Or, maybe, just maybe, things happened slightly differently. From the Boston Globe article cited above:

“But court records paint a different picture as to who cleaned up the problems at Damon. In the 1996 settlement, records show the scheme was carried out between 1988 and the time that Damon was sold, indicating that no corrective action was taken when Romney was on the board and served as a member of its strategic planning committee.

Or, if you would prefer to believe the words of U.S. Attorney Donald Stern: “Faced with declining profits and a changing health care marketplace, Damon decided to cheat the Medicare program. It did so by submitting literally millions of fraudulent claims for payment to federal and state health care programs for medically unnecessary laboratory tests. What was marketed as LabScan was actually a massive lab scam.”

From the same U. S. Attorney’s Office “When Corning Labs discovered Damon’s practices of bundling tests . . . Corning Labs immediately stopped the conduct.” Again, nothing about Damon, under Mitt’s watchful eye, uncovering fraud. Furthermore, from the Globe article: “a review of the records that are part of the court files confirms that bundling (this was the fraudulent activity) was ongoing as late as mid-July 1993, just as Damon and Corning officials were working out details of the sale.”

So, some daring reporter should ask Mitt about his role. Did he

A.) Uncover fraud and then fail to disclose the fraud to shareholders before the sale (these types of things are why we have Sarbanes-Oxley), which netted him $470,000

B.) Not notice that a company for whom he was tasked with strategic direction (he was on the Board’s Strategic Planning Commitee) was making tons of money by bilking the government — and then lied about his role in detecting the fraud.

Simple: A or B.

AmPad: Exhibit A

January 1st, 2008

Given the strength of unions in the midwest, I find it rather shocking that there has been no mention of Romney’s dealings with Bain Capital. AmPad was a unionized paper product company that Bain purchased from Mead corporation in 1992. Bain made a killing on the deal, in part by killing jobs — firing 200 union workers in Indiana. However, the Bain definition of “shared sacrifice” is that Bain shares in your sacrifice. In the time they owned AmPad, Bain had AmPad borrow money to buy more companies, but used part of the borrowed funds to pay Bain $60 million in fees. These fees were in addition to the $2 million in annual consulting fees Bain charged AmPad. Yet, this was not where the real money was made; that was made when Bain took AmPad public and made $45-50 million. But how could Bain scratch by with only $50 million? They had bills to pay. So they charged AmPad $2 million for setting up the IPO.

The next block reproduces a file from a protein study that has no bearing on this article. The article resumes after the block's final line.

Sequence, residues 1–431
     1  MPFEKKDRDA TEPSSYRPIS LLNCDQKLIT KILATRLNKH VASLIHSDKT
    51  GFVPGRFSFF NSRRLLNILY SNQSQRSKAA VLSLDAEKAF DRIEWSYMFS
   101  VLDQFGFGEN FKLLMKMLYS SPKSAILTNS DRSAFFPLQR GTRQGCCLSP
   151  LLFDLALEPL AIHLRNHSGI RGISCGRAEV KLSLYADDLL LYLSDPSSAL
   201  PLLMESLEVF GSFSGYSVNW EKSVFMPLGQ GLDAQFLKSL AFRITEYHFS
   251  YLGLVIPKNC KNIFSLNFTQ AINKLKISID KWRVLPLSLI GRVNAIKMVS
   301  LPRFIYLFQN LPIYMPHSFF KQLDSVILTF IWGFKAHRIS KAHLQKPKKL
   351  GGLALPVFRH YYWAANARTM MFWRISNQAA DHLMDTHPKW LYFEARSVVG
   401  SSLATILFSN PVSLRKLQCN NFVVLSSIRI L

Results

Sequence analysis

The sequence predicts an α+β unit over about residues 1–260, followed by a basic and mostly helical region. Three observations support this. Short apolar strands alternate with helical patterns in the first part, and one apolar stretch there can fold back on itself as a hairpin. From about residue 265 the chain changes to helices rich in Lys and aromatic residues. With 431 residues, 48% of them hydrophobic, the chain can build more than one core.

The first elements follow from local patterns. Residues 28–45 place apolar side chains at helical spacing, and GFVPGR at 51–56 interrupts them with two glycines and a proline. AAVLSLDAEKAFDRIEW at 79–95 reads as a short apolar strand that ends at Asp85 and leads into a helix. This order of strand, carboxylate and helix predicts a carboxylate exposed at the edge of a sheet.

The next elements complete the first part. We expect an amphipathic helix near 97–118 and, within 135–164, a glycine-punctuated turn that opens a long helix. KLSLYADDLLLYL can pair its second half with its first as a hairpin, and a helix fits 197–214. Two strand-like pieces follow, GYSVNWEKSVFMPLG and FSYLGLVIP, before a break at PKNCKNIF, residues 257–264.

So, what is Mr. I-know-how-to-create-jobs, response? In an October 1, 2002 Boston Globe article, his gubernatorial campaigns spokesman said:

“Mitt has been an investor, but it would be unfair to judge Mitt on what he has invested in and not actually run”

So, we’re clear — being an investor does not equal job growth. Wait I thought I read that Mitt was creating jobs at Staples by investing in the company. I’m SURE he’s not one of those people who takes credit when things work out and then points fingers when they don’t.

Of course, this is not the best part. The best part of the AmPad story is trying to understand exactly what Romney’s role was. First, he stated the following regarding AmPad layoffs:

“This is not a fantasy land. This is the real world, and in the real world there is nothing wrong with companies trying to compete.” (Boston Globe, October 9th, 1994)

Then he claimed that he was on leave of absence from Bain (running for Senate in 1994), so AmPad decisions made by Bain were not his call. But after AmPad workers started to protest his 1994 campaign he agreed to meet with them (see Boston Globe, October 10th, 1994). He had nothing to do with the situation, but was still “acting” like he could do something. Interesting.

So, the narrative can be spun as “detached outsider trying to help get to an arrangement between parties.” Well, let’s see what the insiders remember. First, Charles Hanson, Ampad’s CEO, during the time it was owned by Bain, regarding Bain’s (and Romney’s) impact on company strategy:

“Any significant direction we received would certainly have been authorized by him.”